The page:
you supporting hillary? >> she has experience. >> reporter: nevada is a key part of clinton's fire wall to show she's not electable than sander sanders. after getting a six-month jump on sanders and pouring millions into ads. >> i spend any life fighting for children, families and our country. >> reporter: clinton's once double digit lead e evaporated. clinton has been dogged by questions about her e-mails and paid wall street speeches. the rhetoric growing heated. on display at the msnbc town hall. >> i just don't know where all this comes from. maybe it's that sanders wasn't really a democrat until he president. >> reporter: sanders accusing clinton of playing politics. >> going to win support from the african-american community with a president who is popular. >> reporter: nevada pivotal, setting the trajectory for the race.
america, about a population is hispanic, large african-american and asian population. it's more like the rest of american than iowa and new hampshire. >> reporter: second clinton just wrapping up a speech to her supporters. here is a little of what she had to say. >> some may have doubted us. but we never doubted each other. and this one is for you. >> reporter: now clinton is moving on. tonight she has texas for a campaign event and then she will spend two days fund-raising in california trying to match the millions that senator sanders has raised online. >> kristin welker, tonight. the outcome in nevada will set the stage for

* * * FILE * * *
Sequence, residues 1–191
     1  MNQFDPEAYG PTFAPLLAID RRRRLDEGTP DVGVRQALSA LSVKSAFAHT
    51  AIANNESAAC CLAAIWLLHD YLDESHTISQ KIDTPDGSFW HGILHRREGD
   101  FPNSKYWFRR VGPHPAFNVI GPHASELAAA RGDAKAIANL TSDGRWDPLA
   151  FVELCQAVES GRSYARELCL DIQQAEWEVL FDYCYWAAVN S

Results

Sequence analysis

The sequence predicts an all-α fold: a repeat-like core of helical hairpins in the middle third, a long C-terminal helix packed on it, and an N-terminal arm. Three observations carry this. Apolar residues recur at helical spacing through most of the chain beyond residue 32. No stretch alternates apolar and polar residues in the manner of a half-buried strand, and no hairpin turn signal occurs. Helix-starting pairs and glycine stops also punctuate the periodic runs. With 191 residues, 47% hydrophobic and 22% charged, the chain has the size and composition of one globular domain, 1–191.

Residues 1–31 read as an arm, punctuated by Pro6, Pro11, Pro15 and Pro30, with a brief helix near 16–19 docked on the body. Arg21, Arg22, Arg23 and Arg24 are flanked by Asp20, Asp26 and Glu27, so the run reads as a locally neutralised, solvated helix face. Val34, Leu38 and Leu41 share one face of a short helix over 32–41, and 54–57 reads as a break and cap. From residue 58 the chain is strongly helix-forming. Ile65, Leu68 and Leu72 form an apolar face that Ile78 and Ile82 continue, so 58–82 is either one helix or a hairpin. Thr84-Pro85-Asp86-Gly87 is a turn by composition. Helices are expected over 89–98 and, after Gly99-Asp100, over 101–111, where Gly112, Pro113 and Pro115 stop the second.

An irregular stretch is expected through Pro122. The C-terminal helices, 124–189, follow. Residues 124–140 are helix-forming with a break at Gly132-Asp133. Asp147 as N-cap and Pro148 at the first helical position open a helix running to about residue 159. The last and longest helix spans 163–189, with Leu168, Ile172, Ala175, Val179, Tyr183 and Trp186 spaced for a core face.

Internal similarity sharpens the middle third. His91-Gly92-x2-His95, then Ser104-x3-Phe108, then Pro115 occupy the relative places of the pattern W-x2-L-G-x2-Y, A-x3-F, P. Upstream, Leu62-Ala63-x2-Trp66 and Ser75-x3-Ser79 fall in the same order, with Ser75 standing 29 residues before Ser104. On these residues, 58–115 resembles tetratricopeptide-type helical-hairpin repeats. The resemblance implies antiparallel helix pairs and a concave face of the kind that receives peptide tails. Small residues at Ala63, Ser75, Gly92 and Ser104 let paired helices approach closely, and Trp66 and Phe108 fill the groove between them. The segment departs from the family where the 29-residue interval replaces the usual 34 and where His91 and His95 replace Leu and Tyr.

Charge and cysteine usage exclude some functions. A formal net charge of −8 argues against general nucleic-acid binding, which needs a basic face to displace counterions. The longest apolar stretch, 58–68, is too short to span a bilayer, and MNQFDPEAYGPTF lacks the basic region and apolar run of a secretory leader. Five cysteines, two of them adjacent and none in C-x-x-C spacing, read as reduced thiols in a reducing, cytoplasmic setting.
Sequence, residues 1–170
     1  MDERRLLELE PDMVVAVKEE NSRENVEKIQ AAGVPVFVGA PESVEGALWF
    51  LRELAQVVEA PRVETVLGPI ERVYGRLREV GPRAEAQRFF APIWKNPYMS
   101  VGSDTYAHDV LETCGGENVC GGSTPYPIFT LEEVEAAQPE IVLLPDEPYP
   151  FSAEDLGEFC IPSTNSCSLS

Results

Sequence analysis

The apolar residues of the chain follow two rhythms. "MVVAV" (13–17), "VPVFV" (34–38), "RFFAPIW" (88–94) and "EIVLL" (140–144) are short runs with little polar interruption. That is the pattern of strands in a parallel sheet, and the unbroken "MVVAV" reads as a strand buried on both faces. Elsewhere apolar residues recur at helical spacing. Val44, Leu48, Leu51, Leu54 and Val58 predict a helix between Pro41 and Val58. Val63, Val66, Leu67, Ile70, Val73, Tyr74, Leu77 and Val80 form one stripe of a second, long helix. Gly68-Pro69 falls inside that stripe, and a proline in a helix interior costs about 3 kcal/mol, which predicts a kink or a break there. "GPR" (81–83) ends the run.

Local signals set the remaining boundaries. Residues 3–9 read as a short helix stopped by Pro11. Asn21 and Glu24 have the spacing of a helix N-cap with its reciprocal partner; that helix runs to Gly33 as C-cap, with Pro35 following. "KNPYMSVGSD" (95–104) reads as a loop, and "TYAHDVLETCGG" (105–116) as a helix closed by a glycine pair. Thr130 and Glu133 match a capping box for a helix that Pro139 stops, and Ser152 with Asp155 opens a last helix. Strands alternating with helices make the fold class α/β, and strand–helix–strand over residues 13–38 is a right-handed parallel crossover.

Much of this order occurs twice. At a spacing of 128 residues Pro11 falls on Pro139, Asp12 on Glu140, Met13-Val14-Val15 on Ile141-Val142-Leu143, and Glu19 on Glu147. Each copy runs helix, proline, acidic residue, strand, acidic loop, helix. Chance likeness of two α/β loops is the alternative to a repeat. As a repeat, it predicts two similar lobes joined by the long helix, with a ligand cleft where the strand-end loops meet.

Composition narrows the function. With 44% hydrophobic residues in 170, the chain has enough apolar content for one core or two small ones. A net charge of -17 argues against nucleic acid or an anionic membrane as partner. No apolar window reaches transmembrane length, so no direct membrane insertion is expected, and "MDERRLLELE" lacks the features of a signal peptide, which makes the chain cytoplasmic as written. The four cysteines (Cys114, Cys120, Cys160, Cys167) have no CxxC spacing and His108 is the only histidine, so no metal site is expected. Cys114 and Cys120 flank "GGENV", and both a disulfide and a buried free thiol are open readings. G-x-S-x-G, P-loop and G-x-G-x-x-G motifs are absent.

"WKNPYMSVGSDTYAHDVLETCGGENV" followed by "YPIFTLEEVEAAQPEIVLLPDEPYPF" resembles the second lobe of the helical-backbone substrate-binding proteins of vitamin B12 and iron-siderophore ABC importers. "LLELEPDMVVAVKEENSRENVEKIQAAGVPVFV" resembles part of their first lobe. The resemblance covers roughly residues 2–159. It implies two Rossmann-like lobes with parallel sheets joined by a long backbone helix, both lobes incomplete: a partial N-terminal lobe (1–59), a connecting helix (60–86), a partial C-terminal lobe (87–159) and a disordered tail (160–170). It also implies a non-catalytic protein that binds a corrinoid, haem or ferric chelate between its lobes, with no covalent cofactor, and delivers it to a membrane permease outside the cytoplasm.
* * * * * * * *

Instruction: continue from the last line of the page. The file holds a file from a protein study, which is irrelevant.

andrea mitchell joins >> bernie sanders put out an e-mail trying to raise money to off of what he says is a close finish. the bottom line is he needed this. she needed it more. this was her firewall. after a tie in iowa and a defeat in new hampshire, she ho h to win big. to prove that she could win here in the more diverse state, she stopped his momentum for now. she goes on to south carolina where she has the advantage. the congressman is very important endorsement that came yesterday. she will go to texas tonight. that's super tuesday. she is going to try to prove that bernie sanders cannot expand the map. he can't win in important diverse states. >> andrew andrea mitchell, thank you. we are awaiting the polls to close in sk where the republican primary is being held. donald trump hoping to hold back a late charge by ted cruz. hallie jackson is